Alex Liddell is an independent researcher, writer and blogger at They are a philosophy graduate from the University of East Anglia, and their published papers include: “Dolores Umbridge and the Lawful, Bureaucratic Evil in the Ministry of Magic” in A Wizard of Their Age 2: Critical Essays from the Harry Potter Generation (SUNY Press) and “Duality and Double Entendres: Bi-Coding The Queen Clown of Crime from Subtext to Canon” in Essays on DC’s Harley Quinn (Texas Tech University). Alex’s research interests include comics history, censorship, media representation and LGBT studies.

To Protect the Innocent: Does Comic Book Censorship to Prevent Youth Corruption Make Sense?

‘Beyond the Graphic’ – Considering Violence, Sexuality and Obscenity in Comics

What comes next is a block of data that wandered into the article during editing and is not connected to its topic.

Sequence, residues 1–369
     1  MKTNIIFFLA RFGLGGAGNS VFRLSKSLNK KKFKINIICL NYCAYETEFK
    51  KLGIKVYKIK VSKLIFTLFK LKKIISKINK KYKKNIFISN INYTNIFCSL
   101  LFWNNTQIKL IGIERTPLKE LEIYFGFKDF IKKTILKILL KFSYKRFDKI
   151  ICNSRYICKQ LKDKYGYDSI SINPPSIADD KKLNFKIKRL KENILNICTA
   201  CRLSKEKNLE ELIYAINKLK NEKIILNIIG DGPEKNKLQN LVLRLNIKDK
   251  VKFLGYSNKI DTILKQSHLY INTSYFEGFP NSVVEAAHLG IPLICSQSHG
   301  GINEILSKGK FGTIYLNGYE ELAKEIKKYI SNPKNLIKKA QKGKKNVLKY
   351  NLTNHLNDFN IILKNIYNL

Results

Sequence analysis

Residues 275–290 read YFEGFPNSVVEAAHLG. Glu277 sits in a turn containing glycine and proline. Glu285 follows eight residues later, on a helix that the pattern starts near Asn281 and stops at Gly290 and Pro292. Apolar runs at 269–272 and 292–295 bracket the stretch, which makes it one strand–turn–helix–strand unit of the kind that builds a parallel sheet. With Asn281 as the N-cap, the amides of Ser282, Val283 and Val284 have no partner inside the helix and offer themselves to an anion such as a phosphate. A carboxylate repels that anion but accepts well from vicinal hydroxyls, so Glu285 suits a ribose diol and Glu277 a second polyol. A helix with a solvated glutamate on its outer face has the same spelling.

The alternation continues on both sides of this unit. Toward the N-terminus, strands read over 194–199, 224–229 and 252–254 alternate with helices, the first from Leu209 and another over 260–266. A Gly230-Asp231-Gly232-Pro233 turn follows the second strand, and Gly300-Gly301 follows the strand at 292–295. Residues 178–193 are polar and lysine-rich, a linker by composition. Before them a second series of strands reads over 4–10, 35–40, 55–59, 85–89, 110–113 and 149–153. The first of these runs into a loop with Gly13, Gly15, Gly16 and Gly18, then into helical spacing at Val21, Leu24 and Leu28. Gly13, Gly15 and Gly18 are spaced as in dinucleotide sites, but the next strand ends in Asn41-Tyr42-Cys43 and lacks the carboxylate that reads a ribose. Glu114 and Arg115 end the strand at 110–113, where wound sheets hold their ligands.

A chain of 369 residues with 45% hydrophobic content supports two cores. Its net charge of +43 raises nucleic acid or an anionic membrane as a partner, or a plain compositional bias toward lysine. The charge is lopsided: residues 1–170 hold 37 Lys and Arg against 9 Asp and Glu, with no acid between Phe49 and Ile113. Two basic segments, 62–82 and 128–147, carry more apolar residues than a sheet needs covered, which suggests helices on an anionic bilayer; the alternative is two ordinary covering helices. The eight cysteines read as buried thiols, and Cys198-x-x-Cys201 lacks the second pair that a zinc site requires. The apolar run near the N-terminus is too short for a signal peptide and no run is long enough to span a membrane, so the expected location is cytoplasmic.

nvoking the protection of youth as an excuse for censorship is nothing new, but it did reach now infamously ridiculous extremes in the movement to censor American comics in the 1950s. The polemical book Seduction of the Innocent, Fredric Wertham’s treatise on the influence of comic books on juvenile delinquency, was central to this movement and led to the comics industry imposing rigid self-regulated restrictions on all its content in the form of The Comics Code Authority, which only lost its grip totally on the comics industry relatively recently when DC Comics abandoned it in 2011. Continue reading